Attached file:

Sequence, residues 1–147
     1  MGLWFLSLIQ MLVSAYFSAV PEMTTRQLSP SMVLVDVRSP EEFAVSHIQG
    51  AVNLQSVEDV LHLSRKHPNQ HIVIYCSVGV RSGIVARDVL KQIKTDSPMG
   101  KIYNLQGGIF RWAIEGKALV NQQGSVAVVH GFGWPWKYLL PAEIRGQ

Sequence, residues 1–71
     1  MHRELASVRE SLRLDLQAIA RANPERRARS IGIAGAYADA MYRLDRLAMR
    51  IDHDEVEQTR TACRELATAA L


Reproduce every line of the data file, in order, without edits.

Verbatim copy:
Sequence, residues 1–147
     1  MGLWFLSLIQ MLVSAYFSAV PEMTTRQLSP SMVLVDVRSP EEFAVSHIQG
    51  AVNLQSVEDV LHLSRKHPNQ HIVIYCSVGV RSGIVARDVL KQIKTDSPMG
   101  KIYNLQGGIF RWAIEGKALV NQQGSVAVVH GFGWPWKYLL PAEIRGQ

Sequence, residues 1–71
     1  MHRELASVRE SLRLDLQAIA RANPERRARS IGIAGAYADA MYRLDRLAMR
    51  IDHDEVEQTR TACRELATAA L